Corsair, already familiar in in the watercooling market for their COOL watercooling system, is bringing a new product the market geared up for easy installation and use.
The Nautilus 500 consists of an external unit which sits on top of the computer's case, along with a CPU waterblock and retention brackets. Installation of the waterblock doesn't require the removal of the motherboard, which will appeal to both watercooling newbies and those who just can't be bothered faffing about taking their board out. The ease of installation continues as the tubing between the waterblock and main unit is passed through a free slot in the back of the PC and then plugged into place. The unit is powered from a single Molex power connector.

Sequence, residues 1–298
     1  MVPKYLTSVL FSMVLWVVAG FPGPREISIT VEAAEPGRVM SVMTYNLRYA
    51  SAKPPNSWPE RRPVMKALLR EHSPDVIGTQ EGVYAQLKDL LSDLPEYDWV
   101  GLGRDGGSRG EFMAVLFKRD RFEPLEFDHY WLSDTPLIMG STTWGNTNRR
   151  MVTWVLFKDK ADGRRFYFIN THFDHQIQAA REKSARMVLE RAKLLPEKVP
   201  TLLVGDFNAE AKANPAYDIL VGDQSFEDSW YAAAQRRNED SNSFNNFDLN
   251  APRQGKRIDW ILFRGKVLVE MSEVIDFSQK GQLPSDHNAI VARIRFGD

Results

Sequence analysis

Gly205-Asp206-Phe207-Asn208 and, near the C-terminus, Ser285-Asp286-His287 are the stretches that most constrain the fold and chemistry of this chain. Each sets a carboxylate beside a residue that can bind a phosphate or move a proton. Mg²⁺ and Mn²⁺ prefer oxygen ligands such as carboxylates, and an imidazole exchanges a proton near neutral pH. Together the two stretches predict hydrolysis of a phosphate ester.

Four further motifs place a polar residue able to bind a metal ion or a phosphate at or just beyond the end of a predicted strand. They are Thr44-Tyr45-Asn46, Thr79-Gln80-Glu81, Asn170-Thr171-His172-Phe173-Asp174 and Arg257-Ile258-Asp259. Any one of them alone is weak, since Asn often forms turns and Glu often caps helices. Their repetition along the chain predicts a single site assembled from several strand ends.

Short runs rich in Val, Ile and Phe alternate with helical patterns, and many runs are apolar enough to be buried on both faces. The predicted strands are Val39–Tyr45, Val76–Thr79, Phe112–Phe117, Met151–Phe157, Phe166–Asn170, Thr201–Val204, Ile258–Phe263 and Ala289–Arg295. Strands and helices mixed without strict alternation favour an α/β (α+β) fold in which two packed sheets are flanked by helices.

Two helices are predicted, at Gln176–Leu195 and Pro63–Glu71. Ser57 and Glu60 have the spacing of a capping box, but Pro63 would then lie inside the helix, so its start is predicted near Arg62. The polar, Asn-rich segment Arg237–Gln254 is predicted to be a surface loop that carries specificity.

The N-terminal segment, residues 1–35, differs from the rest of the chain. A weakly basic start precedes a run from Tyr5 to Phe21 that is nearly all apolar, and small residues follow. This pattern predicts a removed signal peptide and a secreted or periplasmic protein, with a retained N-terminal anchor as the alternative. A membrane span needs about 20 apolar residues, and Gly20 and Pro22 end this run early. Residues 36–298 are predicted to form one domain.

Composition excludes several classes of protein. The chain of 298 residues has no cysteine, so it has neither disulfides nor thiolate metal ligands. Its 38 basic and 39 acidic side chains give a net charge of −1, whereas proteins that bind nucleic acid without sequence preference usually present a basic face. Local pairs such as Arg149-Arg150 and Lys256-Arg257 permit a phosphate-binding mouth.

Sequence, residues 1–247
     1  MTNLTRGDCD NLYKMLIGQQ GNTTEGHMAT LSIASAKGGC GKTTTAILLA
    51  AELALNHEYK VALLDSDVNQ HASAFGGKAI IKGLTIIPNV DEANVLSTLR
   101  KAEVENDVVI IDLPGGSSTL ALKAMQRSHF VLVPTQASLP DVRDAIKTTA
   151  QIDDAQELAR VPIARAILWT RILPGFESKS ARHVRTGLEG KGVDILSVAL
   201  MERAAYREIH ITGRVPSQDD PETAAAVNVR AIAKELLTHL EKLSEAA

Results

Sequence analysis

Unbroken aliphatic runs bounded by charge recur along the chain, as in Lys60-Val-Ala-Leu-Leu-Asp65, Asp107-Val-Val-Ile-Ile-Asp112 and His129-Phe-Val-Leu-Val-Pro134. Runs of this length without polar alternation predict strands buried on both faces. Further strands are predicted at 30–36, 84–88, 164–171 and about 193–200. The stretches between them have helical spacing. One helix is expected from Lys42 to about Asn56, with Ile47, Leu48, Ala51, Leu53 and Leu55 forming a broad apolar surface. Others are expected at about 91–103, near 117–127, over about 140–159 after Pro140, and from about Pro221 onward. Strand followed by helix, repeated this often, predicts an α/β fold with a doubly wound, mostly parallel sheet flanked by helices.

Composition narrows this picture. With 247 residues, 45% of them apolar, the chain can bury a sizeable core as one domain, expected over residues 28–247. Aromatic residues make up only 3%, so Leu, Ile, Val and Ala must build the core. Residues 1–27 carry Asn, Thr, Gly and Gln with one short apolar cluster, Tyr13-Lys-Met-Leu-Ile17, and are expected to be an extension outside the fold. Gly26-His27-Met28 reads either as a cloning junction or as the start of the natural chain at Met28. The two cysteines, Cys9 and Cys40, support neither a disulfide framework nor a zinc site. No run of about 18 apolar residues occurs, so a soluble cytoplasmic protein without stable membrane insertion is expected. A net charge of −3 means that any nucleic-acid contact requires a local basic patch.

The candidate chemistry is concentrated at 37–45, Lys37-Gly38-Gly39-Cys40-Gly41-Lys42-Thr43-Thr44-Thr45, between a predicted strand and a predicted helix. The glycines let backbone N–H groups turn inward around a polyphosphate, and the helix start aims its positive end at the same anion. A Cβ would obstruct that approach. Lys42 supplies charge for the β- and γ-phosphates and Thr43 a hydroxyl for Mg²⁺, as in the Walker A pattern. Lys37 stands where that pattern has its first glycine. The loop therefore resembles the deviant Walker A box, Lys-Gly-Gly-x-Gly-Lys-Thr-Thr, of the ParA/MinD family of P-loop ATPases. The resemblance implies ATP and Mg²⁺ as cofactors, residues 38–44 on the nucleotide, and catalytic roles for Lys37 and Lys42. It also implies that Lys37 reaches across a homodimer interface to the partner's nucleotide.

Inside the main unit is a reservoir, a pump and a radiator which Corsair say can dissipate up to 500 watts of heat. Whether or not they're referring to the whole system, or just the radiator is unclear. Furthermore, factors such as the temperature difference between the water and the air will dictate how much heat is transferred. That aside however, according to Corsair's figures, the system is a pretty good cooler.
In Corsair's own tests, the Nautilus 500 was able to knock 14C off the load temperature of an Athlon 64 3700+ and 16C off a 3GHz Pentium 4 Prescott, while set to its quiet mode. Make it a bit noisier and you can take another one or two degrees celcius off the figures, but for the increased noise it's probably not worth it.
Given the reduced noise and increase cooling capabilities of the system, using a Nautilus 500 could give watercooling beginners a good cooling solution with which to have some overclocking fun. The Nautilus 500 will be on show at the 2006 International CES, where we'll be sure you get you more pics and a closer look.